Long Way to Go on Crucial Tax Reform

The Australian Financial Review

By Robert Milliner
Chairman, former BCA Business Reform Task Force

The federal government’s climate change package includes some changes to personal income tax arrangements, but it is important not to confuse climate change policy with tax reform. The job of fundamental tax reform is by no means done.

Over the past few months, some small steps have been taken to address the way the tax system interacts with the welfare system to discourage workforce participation. However, there is a long way to go and it is critical that the government maintains its appetite for reform.

While there should be a clear acceptance of the need for tax reform, we all acknowledge that the task of effecting it is difficult.

Other countries in our region have recognised the important role of tax policy in creating a more business-friendly environment. Singapore’s corporate tax is 17 per cent, while the government of South Korea has announced it intends to reduce its headline company tax rate from 24.2 per cent to 22 per cent next year. Last year, New Zealand reconfigured its tax mix to lower personal income and company tax rates and lift the rate of the GST.

It is incontrovertible that further reform of the tax system is needed in Australia. The present system will simply be incapable of raising the revenue needed to fund the services the community expects from the government in the decades ahead.

The current system does not sufficiently reward productivity, and distorts decisions about workforce participation, savings and investment.

Australia’s company tax rate is uncompetitive in our region and there are simply too many taxes that collect very little revenue. Most people would agree that the tax system in Australia is too complex and that it is costly for businesses and individuals to comply with all its requirements.

The Henry review highlighted these points against a backdrop of demographic ageing, changing social contexts and expectations, the rise of Asia and globalisation, increasing environmental pressures and technological advances.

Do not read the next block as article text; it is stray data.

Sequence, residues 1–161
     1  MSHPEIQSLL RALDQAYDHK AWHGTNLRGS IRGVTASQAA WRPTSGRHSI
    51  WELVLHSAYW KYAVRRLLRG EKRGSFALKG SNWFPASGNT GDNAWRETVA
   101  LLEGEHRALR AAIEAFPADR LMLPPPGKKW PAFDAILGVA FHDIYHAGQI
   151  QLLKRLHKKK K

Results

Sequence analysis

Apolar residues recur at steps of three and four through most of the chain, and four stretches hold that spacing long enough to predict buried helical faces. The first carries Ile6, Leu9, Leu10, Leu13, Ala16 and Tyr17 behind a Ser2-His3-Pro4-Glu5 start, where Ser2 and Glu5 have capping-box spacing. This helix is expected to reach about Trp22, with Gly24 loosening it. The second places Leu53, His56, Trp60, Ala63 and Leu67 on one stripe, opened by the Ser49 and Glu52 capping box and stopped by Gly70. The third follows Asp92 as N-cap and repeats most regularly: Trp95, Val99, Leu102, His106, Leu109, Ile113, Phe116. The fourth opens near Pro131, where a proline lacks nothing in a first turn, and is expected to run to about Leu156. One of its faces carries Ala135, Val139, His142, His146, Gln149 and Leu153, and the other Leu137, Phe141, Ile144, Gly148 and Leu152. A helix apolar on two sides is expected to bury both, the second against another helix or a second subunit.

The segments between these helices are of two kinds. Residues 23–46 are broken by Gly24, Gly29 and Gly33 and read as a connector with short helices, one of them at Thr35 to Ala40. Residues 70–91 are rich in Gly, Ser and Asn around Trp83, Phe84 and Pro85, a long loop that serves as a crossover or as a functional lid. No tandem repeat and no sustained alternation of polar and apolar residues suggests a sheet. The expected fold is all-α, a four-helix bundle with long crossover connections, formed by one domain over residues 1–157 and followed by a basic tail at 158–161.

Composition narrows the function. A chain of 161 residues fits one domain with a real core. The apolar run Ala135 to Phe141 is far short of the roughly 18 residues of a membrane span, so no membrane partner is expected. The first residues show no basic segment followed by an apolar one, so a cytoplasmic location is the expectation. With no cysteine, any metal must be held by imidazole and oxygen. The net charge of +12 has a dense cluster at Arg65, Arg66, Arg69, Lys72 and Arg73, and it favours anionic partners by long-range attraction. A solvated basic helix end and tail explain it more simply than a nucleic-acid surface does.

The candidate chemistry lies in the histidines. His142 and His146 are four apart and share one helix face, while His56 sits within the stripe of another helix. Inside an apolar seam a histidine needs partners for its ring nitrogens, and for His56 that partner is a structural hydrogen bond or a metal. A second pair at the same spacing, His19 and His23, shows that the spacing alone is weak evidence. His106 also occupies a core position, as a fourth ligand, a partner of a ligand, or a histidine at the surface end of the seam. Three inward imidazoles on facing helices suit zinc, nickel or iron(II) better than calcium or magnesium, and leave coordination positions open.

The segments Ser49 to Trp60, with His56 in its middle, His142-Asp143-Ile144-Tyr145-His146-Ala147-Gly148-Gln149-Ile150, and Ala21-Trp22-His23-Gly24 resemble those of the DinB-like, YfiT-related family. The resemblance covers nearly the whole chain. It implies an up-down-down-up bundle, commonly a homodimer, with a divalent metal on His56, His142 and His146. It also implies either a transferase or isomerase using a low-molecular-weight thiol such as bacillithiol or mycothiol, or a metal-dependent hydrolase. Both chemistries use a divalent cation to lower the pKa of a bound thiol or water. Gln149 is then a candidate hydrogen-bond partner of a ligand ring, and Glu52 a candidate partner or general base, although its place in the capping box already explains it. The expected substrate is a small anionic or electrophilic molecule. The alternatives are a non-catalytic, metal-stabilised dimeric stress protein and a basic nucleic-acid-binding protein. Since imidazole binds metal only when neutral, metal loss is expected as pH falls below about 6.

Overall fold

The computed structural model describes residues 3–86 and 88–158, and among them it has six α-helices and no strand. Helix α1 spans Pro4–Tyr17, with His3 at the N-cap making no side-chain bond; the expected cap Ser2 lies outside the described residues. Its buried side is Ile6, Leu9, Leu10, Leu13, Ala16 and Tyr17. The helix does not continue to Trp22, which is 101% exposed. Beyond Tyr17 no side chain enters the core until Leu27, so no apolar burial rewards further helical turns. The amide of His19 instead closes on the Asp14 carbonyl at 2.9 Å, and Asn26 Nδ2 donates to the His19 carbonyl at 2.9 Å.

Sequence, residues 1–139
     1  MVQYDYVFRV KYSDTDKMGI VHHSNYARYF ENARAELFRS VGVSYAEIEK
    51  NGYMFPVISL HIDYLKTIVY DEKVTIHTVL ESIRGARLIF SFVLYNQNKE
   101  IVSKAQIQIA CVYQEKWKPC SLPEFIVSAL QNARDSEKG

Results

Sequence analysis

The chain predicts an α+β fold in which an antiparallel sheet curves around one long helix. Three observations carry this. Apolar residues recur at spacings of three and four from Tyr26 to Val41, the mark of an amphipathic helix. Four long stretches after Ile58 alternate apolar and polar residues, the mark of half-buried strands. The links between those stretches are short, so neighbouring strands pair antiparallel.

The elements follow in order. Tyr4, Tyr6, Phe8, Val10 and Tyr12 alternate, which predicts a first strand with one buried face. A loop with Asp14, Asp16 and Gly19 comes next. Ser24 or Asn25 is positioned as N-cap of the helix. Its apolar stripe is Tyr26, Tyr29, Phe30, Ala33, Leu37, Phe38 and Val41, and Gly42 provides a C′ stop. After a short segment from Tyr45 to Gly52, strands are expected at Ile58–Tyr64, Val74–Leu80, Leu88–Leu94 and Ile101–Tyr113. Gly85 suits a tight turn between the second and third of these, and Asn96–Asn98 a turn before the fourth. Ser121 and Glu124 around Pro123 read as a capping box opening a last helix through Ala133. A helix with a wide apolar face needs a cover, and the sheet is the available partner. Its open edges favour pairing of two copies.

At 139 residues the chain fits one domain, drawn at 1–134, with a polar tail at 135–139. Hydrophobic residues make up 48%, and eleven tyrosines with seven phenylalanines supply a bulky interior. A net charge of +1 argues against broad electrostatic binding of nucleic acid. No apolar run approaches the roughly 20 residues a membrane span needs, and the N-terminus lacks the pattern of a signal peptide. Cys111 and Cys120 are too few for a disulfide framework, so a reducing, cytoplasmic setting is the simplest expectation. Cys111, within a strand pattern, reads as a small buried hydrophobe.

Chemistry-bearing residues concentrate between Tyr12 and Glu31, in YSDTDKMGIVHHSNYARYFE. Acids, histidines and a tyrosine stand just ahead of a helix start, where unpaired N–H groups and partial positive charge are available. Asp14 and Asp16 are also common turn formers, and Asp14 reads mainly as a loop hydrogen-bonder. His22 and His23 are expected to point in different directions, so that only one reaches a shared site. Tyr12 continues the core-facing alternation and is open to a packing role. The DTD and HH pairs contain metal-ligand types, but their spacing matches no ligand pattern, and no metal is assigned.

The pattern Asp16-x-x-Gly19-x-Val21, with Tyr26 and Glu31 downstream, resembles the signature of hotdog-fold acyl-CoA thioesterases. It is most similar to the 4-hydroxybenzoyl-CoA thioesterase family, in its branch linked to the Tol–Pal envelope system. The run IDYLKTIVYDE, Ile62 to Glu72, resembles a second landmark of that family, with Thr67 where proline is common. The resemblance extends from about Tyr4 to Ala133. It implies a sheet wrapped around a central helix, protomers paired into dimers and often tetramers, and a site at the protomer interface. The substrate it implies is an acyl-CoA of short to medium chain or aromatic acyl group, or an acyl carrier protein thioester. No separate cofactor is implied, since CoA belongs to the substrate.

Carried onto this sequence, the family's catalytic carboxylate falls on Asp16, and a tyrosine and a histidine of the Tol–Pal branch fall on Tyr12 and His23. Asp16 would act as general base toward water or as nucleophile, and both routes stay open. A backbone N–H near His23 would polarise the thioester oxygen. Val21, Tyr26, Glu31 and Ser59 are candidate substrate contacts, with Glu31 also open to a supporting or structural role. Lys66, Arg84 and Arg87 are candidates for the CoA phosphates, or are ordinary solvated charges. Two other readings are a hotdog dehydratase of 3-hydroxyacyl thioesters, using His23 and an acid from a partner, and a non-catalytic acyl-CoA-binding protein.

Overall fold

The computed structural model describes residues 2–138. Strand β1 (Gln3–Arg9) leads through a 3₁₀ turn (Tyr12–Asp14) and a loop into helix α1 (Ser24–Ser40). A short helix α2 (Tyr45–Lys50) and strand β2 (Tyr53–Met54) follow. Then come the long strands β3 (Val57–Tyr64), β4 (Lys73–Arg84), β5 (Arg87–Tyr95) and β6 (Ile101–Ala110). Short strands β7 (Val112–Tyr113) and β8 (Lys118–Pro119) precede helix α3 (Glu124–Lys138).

Without change, the tax system will not be able to keep pace with these trends. If we are to achieve the results and benefits of tax reform, it needs to be done properly, not through a series of piecemeal moves.

It is time to put aside the current structure and look to the best system of raising revenue while encouraging growth, productivity and investment through tax arrangements that are internationally competitive.

Having determined what this system might look like, the second step is to consider how to move to the new arrangements, recognising that the kind of comprehensive tax reform we need in Australia will take many years to achieve.

Governments can be rewarded in the long-term for meaningful and well-implemented reform – both electorally and more widely in the community’s view. If reform is undertaken comprehensively, openly and transparently, it is far more likely to receive community support. If it is approached sensibly, business will readily sign on.

October’s tax forum needs to be taken seriously by all invited participants and the government alike as an opportunity to set out a credible long-term reform path. A worthwhile goal would be to work towards agreement on what sort of tax system Australia should aspire to in the longer term.

Elements of a better tax system should include having a small number of broad tax bases; abolishing a raft of inefficient taxes; changing the tax mix to reduce reliance on those taxes most harmful to economic growth, such as company tax and personal income taxes, and increasing reliance on indirect taxes such as the GST; and reducing effective marginal tax rates that affect workforce participation.

Clearly there are many issues around these propositions, and difficult trade-offs will come into play. There will be different views on the right mix of taxes, different economic and social priorities and views on different mechanisms and processes for managing change. These are matters deserving serious discussion.

Against this background there are two things the Business Council of Australia would like to see happen at the forum. First, it should be open to a discussion on the full range of tax reform options available and, second, there should be agreement to a process for taking tax reform forward over the coming decade.

The challenge for advocates of policy reform is to work with the community to ensure that people are genuinely engaged on the benefits and that there is an awareness of the risks from failing to strengthen the foundations for a prosperous economy.